In response to me linking to my latest blog post on Twitter, BBC weatherman and meteorologist Simon King pointed me to this graph of UK annual rainfall since 1910 which shows a significant increase in trend since 1980 - a point which he made when being interviewed on BBC FiveLive apparently.
Aside from the fact that the UK series is very much shorter than the EWP which goes back to 1766, there is indeed a marked positive trend in UK annual rainfall, starting around 1973, and exceeding that of 1910. Here is the corresponding graph for England:
And for Wales:
Though the same trend exists, it is not very pronounced. It is more pronounced for Northern Ireland:
It is a lot more pronounced for Scotland:
Thus, it would appear that the overall increase in annual UK precipitation from 1973 is due in large measure to an increase in rainfall in Scotland, with a lesser contribution from Northern Ireland and only very minor contributions from England and Wales.
Cumbria, Lancashire and Yorkshire are of course in England and the Environment Agency is of course responsible only for flood defences in England. So pointing out that rainfall in the UK has increased significantly, when much of that increase has been in Scotland and Northern Ireland, is not that relevant, particularly when the flooding in England has provoked sharp criticism of England's freshwater flood preparedness measures as managed (badly, it seems) by the Environment Agency. It is even more irrelevant in that even the UK annual rainfall data shows there has been no really significant increase in Winter precipitation since 1910, the issue at present being winter rainfall causing flooding.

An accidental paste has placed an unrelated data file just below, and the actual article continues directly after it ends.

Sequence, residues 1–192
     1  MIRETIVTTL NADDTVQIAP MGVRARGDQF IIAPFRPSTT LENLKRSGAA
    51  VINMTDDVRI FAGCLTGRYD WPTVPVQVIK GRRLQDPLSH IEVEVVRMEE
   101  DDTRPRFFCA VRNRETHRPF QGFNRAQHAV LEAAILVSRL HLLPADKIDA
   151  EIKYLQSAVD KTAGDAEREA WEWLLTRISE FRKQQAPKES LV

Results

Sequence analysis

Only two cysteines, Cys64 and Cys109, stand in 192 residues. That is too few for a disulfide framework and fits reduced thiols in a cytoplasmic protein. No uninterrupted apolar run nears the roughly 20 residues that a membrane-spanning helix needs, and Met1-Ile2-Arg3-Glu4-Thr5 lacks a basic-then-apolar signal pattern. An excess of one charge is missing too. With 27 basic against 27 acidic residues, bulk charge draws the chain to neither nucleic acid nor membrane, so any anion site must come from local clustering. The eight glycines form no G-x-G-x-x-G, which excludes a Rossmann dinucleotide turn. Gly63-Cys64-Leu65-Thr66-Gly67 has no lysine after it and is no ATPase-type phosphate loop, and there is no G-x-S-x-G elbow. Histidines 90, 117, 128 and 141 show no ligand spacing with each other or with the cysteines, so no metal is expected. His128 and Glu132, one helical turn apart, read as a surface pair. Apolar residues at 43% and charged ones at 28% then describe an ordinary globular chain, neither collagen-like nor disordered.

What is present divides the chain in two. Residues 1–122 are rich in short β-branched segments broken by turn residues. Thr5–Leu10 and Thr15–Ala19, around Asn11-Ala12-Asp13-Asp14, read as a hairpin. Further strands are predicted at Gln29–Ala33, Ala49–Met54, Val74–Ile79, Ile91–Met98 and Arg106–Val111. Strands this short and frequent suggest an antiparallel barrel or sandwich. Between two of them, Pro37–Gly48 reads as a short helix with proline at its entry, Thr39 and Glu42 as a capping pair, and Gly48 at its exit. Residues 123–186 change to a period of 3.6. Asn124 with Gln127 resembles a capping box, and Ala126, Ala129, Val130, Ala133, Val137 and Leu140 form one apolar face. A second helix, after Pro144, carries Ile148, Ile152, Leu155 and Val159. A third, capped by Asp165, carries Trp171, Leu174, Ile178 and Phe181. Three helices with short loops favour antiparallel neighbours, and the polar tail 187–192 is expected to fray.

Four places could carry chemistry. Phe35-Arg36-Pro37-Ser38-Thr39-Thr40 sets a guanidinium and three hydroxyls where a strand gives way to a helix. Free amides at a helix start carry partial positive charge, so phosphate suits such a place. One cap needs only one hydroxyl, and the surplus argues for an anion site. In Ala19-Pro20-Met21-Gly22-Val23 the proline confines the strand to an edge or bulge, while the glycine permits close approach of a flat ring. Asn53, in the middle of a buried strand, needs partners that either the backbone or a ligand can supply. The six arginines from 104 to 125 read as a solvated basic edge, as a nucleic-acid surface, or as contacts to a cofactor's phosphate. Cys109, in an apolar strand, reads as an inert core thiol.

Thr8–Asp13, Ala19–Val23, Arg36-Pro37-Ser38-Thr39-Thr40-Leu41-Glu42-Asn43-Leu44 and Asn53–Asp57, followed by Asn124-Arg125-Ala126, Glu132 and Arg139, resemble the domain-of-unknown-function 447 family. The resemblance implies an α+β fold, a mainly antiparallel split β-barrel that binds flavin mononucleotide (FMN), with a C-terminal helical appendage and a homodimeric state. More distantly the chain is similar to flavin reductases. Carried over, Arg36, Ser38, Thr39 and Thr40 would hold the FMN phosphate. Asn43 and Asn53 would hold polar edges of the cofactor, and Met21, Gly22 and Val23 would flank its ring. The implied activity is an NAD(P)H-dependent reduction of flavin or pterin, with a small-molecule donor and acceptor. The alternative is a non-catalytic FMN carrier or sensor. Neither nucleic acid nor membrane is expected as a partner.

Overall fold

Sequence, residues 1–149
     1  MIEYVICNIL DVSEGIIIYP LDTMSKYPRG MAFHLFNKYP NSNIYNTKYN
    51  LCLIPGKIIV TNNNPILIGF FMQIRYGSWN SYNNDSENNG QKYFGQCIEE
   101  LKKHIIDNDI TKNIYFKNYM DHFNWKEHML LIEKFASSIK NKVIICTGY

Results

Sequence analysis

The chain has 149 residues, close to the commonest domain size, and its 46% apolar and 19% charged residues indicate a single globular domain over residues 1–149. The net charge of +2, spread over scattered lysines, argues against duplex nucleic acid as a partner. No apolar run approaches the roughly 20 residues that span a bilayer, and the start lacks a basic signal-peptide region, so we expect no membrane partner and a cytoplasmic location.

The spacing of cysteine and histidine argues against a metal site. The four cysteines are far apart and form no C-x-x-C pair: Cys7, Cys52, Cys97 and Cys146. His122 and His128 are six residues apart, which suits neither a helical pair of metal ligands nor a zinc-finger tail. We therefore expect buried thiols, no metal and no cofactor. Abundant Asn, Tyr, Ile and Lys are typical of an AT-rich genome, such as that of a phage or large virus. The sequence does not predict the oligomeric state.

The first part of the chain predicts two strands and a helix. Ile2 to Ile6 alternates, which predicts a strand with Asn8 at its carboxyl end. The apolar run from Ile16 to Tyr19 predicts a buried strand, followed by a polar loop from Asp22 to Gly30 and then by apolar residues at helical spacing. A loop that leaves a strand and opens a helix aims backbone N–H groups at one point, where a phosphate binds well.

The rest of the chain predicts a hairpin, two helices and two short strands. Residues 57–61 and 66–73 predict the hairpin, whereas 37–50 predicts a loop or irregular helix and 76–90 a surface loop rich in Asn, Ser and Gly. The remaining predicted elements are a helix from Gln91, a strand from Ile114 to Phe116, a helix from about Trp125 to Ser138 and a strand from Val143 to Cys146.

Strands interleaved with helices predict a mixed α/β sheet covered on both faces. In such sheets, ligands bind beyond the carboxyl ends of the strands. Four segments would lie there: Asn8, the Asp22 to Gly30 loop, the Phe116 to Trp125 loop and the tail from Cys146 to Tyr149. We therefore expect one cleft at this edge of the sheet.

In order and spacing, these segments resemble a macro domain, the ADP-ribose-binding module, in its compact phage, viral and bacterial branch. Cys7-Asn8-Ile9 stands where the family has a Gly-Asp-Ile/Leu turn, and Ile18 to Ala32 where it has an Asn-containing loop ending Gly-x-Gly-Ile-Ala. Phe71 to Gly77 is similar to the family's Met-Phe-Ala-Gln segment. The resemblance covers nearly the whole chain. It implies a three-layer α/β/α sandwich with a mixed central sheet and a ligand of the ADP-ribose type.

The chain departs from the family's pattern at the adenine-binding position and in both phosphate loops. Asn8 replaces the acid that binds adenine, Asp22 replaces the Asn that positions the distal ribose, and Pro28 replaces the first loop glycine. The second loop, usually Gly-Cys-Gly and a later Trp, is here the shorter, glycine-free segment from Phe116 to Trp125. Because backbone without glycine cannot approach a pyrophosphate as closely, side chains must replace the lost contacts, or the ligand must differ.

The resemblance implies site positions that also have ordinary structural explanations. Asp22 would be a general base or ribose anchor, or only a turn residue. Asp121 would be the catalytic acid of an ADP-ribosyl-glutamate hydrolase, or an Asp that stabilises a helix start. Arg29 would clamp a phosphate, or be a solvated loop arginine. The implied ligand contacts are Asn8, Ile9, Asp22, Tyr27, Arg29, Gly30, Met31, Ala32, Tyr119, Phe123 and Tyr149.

2014 again stands out but there is very little overall increase in trend since 1910. Given the fact that winter 2015/16 still has 2 more months to go, it may or may not turn out out to be a particularly wet winter overall.
The lesson here (if there is one) is, don't listen to BBC Radio FiveLive if you want all the facts about current severe flooding and what may be contributing to it.